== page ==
So you’re driving your car and, without warning, that yellow “check engine” light illuminates. You look at it with mixed feelings of dread and fear. You’re not sure why that light has illuminated your dashboard. And you don’t know if you’ve just somehow killed your engine.

You are now looking for somewhere safe to pull over and call a breakdown service to come out. While you’re waiting for recovery, your mind wonders what has happened to your pride and joy. You decide to have your car towed back to your house for further investigation.

At the weekend, you decide to start investigating the cause of the problem. You plug in your fault code reader to check the error recorded by the ECU. But, it gives you a random error code that doesn’t mean much to you. By now, you are scratching your head wondering what to do!

The good news is that it can be easier than you think to diagnose any CEL errors, even if the code doesn’t help. Here are some details on the most common causes of “check engine” lights illuminating:

Oxygen sensor

Here is perhaps the most common cause of those pesky CEL errors: the oxygen sensor! Depending on where you live in the world, it’s also known as the O2 or Lambda sensor.

The oxygen sensor tells the ECU to adjust your engine’s air and fuel ratio. After a while, the sensor can get clogged up with oil and dirt, reducing its capabilities. When the ECU detects an “out of range” voltage from the sensor, it flags up an error message.

It’s an inexpensive and easy part to replace for most vehicles. If yours looks worn, get it replaced. If you don’t, you could end up killing your catalytic converter. And THAT is an expensive part to change!

Incorrect fuel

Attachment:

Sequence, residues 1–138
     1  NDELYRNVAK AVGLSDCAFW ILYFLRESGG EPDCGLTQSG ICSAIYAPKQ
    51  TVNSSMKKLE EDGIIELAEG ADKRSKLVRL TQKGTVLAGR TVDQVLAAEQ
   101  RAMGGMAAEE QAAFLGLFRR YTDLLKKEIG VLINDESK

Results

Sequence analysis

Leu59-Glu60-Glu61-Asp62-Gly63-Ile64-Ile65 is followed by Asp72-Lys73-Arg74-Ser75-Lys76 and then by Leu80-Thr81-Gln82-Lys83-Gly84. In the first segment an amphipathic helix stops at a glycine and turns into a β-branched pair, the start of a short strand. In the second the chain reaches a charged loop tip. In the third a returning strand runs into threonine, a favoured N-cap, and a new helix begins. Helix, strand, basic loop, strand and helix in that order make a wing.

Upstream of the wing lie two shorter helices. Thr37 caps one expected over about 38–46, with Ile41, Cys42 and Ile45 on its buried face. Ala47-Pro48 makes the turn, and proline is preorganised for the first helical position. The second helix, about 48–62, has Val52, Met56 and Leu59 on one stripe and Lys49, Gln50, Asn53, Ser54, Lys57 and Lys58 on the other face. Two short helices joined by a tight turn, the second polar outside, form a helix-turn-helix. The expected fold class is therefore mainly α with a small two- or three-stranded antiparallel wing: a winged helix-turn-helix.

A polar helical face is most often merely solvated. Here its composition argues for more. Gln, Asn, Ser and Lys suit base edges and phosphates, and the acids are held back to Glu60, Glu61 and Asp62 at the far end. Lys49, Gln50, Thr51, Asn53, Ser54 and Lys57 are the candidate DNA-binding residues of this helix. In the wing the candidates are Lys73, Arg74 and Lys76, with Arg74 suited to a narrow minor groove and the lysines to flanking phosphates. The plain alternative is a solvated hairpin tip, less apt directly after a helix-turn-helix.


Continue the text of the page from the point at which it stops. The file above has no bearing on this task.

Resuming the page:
Believe it or not, some people fill up with diesel in their petrol cars without knowing it! But don’t worry, because your car’s ECU will soon let you know what you’ve done!

If you have put diesel in a petrol car recently, all is not lost. Have a specialist come out and drain the fuel system for you, and you’ll fix the problem. Your local garage might also offer to do this, but you’ll have to get your car towed to them. Of course, that means further expense.

Loose fuel filler cap

It’s essential that your fuel system operates in a pressurised environment to work. Sometimes, a loose fuel filler cap can cause vapours to escape into the atmosphere. You might not think it, but it can cause all kinds of fuel system gremlins to occur!

There are two solutions to that problem. The first and most obvious one is to tighten the cap. If that doesn’t work, you might need to buy a new one. It’s an inexpensive part, even if you buy it new from your car dealer.

Now that you know which things to check on your car, it’s time to get busy. Thanks for reading!

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Emily Muelford

Emily is a British writer whose love of car culture is augmented by a fascination with both the European and American automotive markets. Her perspective is uniquely fish and chips.

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